Real estate investors, business leaders and local politicians appeared at the Long Island City Partnership’s annual real estate breakfast Wednesday morning to discuss market trends and opportunities in the burgeoning Queens neighborhood, but also spotlight areas — such as retail development — where there remains work to be done.
Amidst the networking and praise of the neighborhood’s prospects as a viable residential and business destination, the morning’s panel at Con Edison’s Learning Center on Vernon Boulevard touched on how far Long Island City has come over the past few years, and how much further it has to go to realize its potential.
“We’ve owned real estate in Long Island City since 1980, and literally every year it just gets better,” said panel moderator David Brause, the head of Brause Realty.
Criterion Group executive vice president Shibber Khan echoed the sentiment, adding that his firm’s residential projects in the neighborhood are now focused on building larger units “that will actually accommodate families” and account for the “demographic change” in Long Island City as a place where more people are looking to settle.
But there is still work to be done as far as building out and creating better amenities for the area, with Khan citing the “need for retail, and affordable retail” serving Long Island City’s growing populace. Such services, Khan said, are “frankly not fully built out yet” in much of the neighborhood.
Brickman Real Estate chief investment officer Steve Klein, whose firm is in involved in several warehouse-to-office conversions in Long Island City, explained his company’s strategy of repositioning properties to accommodate the creative and TAMI companies that comprise roughly a quarter of the area’s office tenants.
That includes creating open, amenitized office space featuring common areas, food stations, bicycle storage areas, fitness rooms and showers for those who want to clean up after having biked to work. “It’s important to provide a proper infrastructure for [office tenants],” Klein said, citing the Long Island City office market’s ability to provide “stuff that Manhattan doesn’t have.”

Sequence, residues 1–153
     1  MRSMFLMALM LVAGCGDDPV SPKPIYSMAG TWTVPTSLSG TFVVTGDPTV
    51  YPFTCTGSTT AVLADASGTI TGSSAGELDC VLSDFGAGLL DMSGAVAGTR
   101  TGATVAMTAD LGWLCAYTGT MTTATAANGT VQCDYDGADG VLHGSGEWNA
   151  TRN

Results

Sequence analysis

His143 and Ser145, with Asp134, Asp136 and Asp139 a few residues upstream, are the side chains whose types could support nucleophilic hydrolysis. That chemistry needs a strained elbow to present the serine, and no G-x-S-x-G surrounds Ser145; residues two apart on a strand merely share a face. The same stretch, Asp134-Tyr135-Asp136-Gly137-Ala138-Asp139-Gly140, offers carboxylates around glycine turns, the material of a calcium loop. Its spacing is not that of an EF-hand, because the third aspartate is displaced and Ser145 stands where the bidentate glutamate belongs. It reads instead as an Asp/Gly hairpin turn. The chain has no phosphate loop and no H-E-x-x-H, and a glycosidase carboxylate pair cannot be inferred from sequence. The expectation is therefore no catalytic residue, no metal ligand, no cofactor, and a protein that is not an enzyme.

Catering service Neuman’s Kitchen is among the tenants that have moved to Long Island City in search of larger, newer digs, and founder and president Paul Neuman discussed how his company looked to the area after outgrowing its former Lower East Side facility “because of the quality of the space we were able to find.”
Neuman cited factors like proximity to public transportation for employees and bridge and tunnel routes for the company’s distribution operations — as well as a “standalone building” that could not be offered by a sprawling office and light manufacturing complex like Industry City in Sunset Park, which Neuman’s Kitchen initially looked at during its search.
Now, Neuman said, the catering company is “paying about the same amount for two-to-three times the space” it had on the Lower East Side. “We can now grow a business that there was no way to grow in Manhattan,” he added.
Ravel Management Group CEO Ravi Patel echoed Khan’s earlier observation about “a lack of retail” offerings in Long Island City, citing how “foot traffic is not as great” in the area as a potential obstacle to fleshing out retail and commercial offerings.
But the hotelier – whose company opened the Ravel, one of the neighborhood’s first “luxury boutique” hotel offerings, in 2008 – pointed how Long Island City stands to benefit from an unprecedented wave of hotel development in Queens that promises to bring more than 5,000 additional rooms in the coming years.
Despite all the attention the neighborhood has received, doing business in Long Island City continues to prove a relatively affordable proposition. The Ravel is currently undergoing an ambitious expansion project that will up the property’s room count and increase its amenities, and Patel said to pursue a similar expansion in Manhattan “would probably quadruple my costs.”
As with its hotel sector, Long Island City is also bracing for a similar wave of residential projects that are either in planning or under construction — though Khan noted that this influx in supply “is a concern to almost anyone you speak to” as far as potential softening in rents and occupancy.
But, he added, the neighborhood bodes well compared to rival residential destinations like Williamsburg or Dumbo, particularly due to its transit offerings. “The reality is nothing beats the two-and-a-half minute train ride to Grand Central,” Khan said.